The policewomen asked Fantino to take investigations of officers for alleged domestic abuse out of the local divisions where the officers work, and transfer them to specially trained internal affairs investigators who would handle only domestic violence cases.

They also asked for better victim support and handling of evidence, better counselling for abusive officers and a confidential reporting service for abused police spouses, whether they be cops or civilians.

Toronto police superintendent William Blair, who attended the August meeting, says the department is taking the issue seriously. “We were aware there was a concern about domestic violence cases involving members and the way those investigations were handled by police.”

Blair says an internal committee was set up to study the issue back in 1998, after the meeting with Chief Boothby. The committee issued a report in September recommending some new police procedures. The police services board has yet to approve the changes, but Blair says the department has implemented some recommendations informally.

Among the changes: supervisors will be involved in investigations of officers for domestic violence internal affairs will be notified immediately of domestic violence complaints against officers, and may take over some cases (previously, internal affairs was notified only if charges were laid) and domestic violence investigators will be trained in all divisions.

But at least one of the “new policies’ isn’t new. Sergeant Nadia Horodynsky, the Toronto police’s domestic violence coordinator, says a directive on the books since 1993 states that supervisors must be involved in investigations of officers accused of domestic violence. Horodynsky says the rule was not always followed because there weren’t enough supervisors on staff, but the situation has improved.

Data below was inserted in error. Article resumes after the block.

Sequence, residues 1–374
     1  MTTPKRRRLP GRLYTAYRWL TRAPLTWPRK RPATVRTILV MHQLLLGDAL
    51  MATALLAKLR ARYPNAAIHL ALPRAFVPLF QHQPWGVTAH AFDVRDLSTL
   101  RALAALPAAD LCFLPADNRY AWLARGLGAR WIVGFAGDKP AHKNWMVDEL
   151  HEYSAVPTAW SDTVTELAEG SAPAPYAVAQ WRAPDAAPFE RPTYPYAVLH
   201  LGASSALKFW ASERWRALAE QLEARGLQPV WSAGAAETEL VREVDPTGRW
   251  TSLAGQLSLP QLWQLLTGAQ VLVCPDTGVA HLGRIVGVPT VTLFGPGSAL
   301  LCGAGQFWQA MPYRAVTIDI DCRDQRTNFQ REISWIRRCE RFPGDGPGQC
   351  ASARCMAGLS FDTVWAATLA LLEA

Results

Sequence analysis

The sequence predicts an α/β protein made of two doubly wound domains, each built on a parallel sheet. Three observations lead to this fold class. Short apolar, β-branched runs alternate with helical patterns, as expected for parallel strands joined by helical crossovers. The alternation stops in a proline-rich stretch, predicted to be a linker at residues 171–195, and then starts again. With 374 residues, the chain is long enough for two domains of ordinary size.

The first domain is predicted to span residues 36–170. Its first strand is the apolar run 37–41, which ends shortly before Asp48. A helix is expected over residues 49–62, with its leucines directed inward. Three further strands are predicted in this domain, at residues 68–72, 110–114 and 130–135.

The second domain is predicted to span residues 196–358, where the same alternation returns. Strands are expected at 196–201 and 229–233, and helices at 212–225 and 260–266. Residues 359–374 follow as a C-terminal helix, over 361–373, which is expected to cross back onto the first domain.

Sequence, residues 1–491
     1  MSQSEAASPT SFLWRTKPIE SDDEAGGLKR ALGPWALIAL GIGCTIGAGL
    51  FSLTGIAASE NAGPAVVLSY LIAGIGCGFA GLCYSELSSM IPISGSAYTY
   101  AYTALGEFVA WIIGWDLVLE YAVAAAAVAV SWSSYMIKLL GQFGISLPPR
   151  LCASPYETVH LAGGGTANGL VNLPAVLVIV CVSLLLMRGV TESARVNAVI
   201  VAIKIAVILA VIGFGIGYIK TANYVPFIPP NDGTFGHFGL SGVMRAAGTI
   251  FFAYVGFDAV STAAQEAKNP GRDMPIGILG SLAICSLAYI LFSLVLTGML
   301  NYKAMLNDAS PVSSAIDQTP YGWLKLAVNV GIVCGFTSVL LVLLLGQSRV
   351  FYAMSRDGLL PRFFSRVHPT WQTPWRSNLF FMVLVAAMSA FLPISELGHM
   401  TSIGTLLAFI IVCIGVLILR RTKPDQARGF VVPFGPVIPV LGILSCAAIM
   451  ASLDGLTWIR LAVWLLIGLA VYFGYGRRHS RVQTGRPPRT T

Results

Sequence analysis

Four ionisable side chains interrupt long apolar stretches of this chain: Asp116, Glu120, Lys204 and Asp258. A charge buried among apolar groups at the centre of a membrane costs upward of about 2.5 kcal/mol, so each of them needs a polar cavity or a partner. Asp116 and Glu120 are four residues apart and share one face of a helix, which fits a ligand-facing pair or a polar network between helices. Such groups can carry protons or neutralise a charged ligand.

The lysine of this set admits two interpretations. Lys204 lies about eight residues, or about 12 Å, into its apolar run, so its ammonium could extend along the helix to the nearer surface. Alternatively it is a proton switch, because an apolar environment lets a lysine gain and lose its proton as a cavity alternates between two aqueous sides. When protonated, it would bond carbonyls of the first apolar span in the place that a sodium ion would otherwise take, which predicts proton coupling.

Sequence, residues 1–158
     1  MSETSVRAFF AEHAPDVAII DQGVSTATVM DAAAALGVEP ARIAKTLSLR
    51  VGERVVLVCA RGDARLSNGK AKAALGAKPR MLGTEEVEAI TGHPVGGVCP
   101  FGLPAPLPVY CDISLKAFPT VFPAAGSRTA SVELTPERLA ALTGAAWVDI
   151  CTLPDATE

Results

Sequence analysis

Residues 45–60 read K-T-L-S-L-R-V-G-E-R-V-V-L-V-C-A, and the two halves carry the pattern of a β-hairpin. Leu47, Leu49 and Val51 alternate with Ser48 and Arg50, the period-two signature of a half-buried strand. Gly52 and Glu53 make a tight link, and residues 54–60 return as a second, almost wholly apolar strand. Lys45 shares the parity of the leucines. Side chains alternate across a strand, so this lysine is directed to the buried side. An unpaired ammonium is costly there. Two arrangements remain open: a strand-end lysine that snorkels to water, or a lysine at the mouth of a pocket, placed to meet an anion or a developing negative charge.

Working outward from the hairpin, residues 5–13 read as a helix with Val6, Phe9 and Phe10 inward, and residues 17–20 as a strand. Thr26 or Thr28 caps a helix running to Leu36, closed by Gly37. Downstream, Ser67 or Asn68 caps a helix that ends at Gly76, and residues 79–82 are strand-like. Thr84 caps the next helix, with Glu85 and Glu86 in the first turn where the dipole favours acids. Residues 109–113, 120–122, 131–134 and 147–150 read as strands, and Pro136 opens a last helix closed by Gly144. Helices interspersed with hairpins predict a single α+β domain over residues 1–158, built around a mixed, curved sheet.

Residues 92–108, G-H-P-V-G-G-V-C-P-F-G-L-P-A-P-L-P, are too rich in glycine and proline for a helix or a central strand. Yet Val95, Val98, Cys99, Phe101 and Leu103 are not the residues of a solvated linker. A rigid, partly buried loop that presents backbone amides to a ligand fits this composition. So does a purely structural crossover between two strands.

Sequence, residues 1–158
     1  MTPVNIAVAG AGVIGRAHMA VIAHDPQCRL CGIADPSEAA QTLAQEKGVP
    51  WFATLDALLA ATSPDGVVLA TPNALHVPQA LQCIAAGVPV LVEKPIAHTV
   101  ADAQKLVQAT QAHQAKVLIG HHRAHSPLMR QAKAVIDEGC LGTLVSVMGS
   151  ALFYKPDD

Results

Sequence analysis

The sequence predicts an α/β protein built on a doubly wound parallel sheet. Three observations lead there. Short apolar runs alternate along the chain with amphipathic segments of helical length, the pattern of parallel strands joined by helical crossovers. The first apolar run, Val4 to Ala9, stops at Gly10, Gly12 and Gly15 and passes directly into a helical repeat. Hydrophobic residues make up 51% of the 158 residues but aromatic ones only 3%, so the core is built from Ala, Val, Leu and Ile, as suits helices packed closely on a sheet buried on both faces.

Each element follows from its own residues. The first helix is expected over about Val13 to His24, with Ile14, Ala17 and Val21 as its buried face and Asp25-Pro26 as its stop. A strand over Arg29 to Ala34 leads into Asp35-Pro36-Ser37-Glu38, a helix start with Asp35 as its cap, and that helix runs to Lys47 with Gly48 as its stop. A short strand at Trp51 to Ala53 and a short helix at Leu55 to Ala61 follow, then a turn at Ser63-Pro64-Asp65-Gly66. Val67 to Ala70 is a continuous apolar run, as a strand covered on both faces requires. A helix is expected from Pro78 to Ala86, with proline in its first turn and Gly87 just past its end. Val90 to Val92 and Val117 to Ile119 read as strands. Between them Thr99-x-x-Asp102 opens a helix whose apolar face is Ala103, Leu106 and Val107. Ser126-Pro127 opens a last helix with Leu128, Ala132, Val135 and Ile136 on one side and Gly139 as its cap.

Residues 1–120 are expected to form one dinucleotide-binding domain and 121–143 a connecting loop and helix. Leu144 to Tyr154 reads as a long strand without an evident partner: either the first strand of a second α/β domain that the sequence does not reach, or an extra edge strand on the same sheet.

The changes outlined by Blair are a surprise to the policewomen and in their view will do little to improve the situation. “I didn’t know there were any recommendations,” Emma says. “They haven’t told the women what’s happening. There is a lot on paper already that isn’t enforced. There really needs to be a zero-tolerance message from the chief.”

The department, says Simone, has a responsibility not just to abused police spouses but also to the public, to make sure an abuse victim who calls 911 doesn’t get a batterer with a badge coming to her door.

“Women are dying because our police officers aren’t doing their job in these cases,” she says. “They should address the problem before they are forced to by an outside agency.” Alex Roslin can be reached at alexroslin1@yahoo.ca

Leave your opinion for the editor...We read everything!

Your email address will not be published. Required fields are marked *